Life on ‘Mars:’ Commander of NASA’s 1st yearlong analog comments on 1st month, food and stars (Image Credit: Space.com)
It’s been a full month since Kelly Haston moved to Mars.
As commander of NASA’s first CHAPEA (Crew Health and Performance Exploration Analog) mission, Haston and her three crewmates volunteered to live for more than a year secluded inside “Mars Dune Alpha,” a 1,700-square-foot (158 square meters) Mars base-like habitat that is located not on the Red Planet, but rather at the Johnson Space Center in Houston.
As Haston and her crew — flight engineer Ross Brockwell, medical officer Nathan Jones and science officer Anca Selariu — simulate life on Mars, a team of scientists “back on Earth” are monitoring the crew’s ability to complete tasks and work through the types of stresses astronauts might encounter to better prepare for sending astronauts to Mars in the future.
To keep conditions as close to real as possible, communications with the CHAPEA crew are on limited to the same transit times it would take a signal to pass between Earth and Mars. As such, video or phone interviews are not possible. With the help of CHAPEA mission control, though, collectSPACE.com was able to interview Haston via email to learn what life inside Mars Dune Alpha has been like during her first 30 days.
collectSPACE (cS): Thinking back to June 25 and your first day in the habitat, can you recount your first 24 hours inside?
Kelly Haston: We were so happy upon ingress to the habitat that as soon as we got through the door and it closed, we formed a spontaneous group hug and let out a big cheer. It made the crowd watching the ingress laugh, and then we heard them cheer for us. It was very a special moment.
That first night we spent time unpacking our gear and setting up our bedrooms, then we had a celebratory hot chocolate.
The next day we had a full day of tasks set up for us. Our activities are tracked using an interactive app that provided prompts and document links to the things we are scheduled to do. This both helps keep us on schedule and also lets mission control know that we have completed tasks. When there are problems or changes to the schedule, we alert mission control of these in the mission log. Due to the time delay, we have learned to be prepared ahead of time, as if you figure out something is wrong, or missing, at the start of a task, it will take over 30 minutes for that to be communicated to mission control and for us to hear back with a solution. This means we are often troubleshooting issues on our own while waiting for mission control to get back to us with additional information.
We also have specified exercise that we complete and document on days when we are not leaving the habitat to do work on the Martian surface. Additionally, we document all food and liquids we ingest. On our first day we did all of those things but also took the opportunity to inventory the items in the habitat, as it was important for us to know where everything is, but also to make sure that the items we thought were sent with us were indeed present and report discrepancies to mission control.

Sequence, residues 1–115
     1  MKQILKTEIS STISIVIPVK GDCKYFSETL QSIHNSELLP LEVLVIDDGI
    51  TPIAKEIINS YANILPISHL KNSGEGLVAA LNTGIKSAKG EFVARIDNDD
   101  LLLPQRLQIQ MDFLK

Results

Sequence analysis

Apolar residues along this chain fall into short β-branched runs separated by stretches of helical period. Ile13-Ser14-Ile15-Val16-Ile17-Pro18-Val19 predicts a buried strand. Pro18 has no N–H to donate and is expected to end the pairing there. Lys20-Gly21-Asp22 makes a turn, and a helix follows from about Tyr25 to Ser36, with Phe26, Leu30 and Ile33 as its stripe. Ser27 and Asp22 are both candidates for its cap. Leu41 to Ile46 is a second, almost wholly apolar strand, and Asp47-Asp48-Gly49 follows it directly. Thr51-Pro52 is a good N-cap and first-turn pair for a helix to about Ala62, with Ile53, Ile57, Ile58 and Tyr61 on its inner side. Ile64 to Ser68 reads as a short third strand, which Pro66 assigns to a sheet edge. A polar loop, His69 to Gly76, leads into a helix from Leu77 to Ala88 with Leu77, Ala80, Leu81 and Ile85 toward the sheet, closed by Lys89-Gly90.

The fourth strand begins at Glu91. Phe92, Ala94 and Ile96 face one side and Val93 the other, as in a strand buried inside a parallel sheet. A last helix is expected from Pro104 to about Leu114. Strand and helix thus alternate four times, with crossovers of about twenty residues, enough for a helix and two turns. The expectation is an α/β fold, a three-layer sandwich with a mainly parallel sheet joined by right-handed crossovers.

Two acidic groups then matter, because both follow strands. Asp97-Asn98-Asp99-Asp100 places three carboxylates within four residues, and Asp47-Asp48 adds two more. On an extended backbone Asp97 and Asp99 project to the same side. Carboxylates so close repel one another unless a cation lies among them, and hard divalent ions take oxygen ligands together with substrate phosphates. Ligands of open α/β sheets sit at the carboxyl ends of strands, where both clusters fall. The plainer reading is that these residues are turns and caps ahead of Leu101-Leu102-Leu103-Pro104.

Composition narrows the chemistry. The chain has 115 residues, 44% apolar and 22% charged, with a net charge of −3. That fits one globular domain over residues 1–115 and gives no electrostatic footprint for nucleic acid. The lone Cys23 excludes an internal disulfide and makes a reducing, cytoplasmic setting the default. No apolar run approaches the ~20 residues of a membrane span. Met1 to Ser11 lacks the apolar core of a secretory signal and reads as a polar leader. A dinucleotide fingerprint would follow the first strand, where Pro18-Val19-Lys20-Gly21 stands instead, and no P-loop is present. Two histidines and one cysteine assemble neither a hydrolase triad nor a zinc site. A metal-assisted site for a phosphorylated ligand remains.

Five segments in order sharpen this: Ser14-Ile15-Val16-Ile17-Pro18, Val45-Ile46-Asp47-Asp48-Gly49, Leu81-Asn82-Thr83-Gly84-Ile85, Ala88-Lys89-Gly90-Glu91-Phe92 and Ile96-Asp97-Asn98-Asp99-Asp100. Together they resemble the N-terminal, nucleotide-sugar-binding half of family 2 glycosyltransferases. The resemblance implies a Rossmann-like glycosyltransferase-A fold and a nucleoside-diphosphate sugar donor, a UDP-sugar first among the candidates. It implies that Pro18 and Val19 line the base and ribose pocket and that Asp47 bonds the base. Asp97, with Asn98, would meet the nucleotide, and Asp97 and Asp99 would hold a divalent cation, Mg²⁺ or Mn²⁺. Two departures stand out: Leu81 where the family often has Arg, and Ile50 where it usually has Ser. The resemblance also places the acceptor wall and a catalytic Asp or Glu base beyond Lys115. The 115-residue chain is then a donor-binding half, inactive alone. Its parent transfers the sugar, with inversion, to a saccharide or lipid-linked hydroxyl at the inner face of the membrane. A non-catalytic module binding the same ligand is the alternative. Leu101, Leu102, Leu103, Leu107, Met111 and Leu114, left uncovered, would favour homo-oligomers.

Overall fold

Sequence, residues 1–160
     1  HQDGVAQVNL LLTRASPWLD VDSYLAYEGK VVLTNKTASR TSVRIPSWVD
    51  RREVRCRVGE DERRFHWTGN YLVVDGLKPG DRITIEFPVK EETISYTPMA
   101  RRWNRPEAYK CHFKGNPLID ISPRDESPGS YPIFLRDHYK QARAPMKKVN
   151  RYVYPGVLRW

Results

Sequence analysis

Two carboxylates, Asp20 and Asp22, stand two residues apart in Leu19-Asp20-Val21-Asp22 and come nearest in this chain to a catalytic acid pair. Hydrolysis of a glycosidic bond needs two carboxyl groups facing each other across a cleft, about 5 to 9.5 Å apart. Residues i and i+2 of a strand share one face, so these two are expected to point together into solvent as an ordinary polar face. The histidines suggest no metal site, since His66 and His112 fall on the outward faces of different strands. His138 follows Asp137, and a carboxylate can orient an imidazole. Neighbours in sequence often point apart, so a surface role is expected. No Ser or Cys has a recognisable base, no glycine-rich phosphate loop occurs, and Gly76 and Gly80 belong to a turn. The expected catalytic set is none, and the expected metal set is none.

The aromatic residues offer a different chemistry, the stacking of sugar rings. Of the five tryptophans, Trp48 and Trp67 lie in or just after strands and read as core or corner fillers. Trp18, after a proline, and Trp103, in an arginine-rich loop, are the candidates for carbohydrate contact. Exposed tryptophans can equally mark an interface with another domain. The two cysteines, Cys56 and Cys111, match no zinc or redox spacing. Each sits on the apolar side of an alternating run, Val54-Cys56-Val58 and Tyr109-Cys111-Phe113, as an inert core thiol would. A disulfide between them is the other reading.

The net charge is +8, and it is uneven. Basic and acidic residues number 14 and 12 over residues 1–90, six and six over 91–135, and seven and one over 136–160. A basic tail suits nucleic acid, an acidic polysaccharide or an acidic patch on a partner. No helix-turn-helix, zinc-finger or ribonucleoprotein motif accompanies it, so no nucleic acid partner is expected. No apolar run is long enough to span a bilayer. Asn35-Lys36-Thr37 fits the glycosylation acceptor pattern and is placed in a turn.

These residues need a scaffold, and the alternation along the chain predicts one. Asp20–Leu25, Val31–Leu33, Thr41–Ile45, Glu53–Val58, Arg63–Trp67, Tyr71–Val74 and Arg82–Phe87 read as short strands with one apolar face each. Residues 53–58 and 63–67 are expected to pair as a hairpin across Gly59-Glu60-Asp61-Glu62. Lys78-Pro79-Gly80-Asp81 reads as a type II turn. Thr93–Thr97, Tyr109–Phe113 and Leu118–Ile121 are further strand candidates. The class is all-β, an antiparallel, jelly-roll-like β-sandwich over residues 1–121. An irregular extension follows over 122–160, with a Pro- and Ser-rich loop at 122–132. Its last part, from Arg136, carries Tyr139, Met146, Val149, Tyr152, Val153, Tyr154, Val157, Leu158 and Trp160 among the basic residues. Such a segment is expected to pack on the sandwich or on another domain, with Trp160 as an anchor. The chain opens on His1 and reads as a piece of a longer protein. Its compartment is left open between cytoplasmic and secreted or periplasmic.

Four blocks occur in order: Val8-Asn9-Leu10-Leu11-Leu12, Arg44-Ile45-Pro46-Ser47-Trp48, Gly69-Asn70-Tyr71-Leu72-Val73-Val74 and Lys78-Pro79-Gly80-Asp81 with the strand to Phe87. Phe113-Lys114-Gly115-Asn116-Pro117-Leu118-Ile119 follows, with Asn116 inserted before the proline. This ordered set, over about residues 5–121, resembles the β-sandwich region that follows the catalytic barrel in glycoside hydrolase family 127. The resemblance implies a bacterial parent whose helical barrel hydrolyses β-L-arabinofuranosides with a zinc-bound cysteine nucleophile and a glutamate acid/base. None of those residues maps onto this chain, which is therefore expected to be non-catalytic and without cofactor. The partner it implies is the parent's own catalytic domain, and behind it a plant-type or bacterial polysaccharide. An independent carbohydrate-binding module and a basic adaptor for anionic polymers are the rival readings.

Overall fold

cS: How long was it before the initial excitement of a new experience wore off — if, indeed, it has — and you settled into a routine?
Haston: I am not sure that the initial excitement has fully worn off; we are still often doing new things each week and learning a great deal. However, the team works really well together, and we dropped into daily schedule and work norms fairly quickly, so I think we had a routine fairly quickly, and by the second week we felt fairly good about the schedule and completing our daily mission goals in an efficient manner.
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cS: What is a typical day for you now? Can you give us a brief “day-in-the-life” of an analog Mars mission crew member?
Haston: A day in the life is a hard one; as mentioned previously, we have a fair bit of variety. I will give an example from a day that we go out onto the Martian surface. We call these EVAs or extravehicular activities where we go, we go outside the habitat and walk around on “Mars” and perform different task that you would expect are needed to keep a Martian base running and sometimes utilize virtual reality, which is really fun and very beautiful.
We start the day around 06:00 by weighing ourselves right after we get up, as the scientists running the simulation want to collect as much data as possible and also make sure we are staying healthy. After getting cleaned up we have breakfast and tag up, discussing the coming day’s tasks and needs, and answering any outstanding queries from the day before. This is a chance to change the schedule if needed or make sure all things are covered and that everyone knows their role for the day.
Then we do a quick pre-brief for the EVA, although often we have discussed this the night before as well. Following the pre-brief, the team that is performing the EVA exits the habitat and starts to move through a series of airlocks and procedures that will eventually have them stepping onto Mars in their simulated spacesuits, with any tools required for the day’s goals.
The two crew left inside will trade off being the mission control giving directions to the EVA crew, as well as getting their daily exercise and any other inside tasks completed. When troubleshooting is required, the inside crew will often combine forces to ensure we move through the issue as quickly as possible to enable the EVA crew to complete their goals in the allotted time.
When they come back in there is time to get cleaned up, because it is often quite sweaty, hard work, and the suit and gear are big and heavy, and then we do a de-brief where the crew discusses what went well and possible improvements or alternative approaches for next time. Sometimes we also do surveys or testing after EVAs that are part of the data collection for the project.
We then do any additional tasks or maintenance the habitat requires, eat dinner, and then have personal time, as well as some time to write in our journals. In general, we are lights out by ~22:00, to get enough rest to do it all again the next day.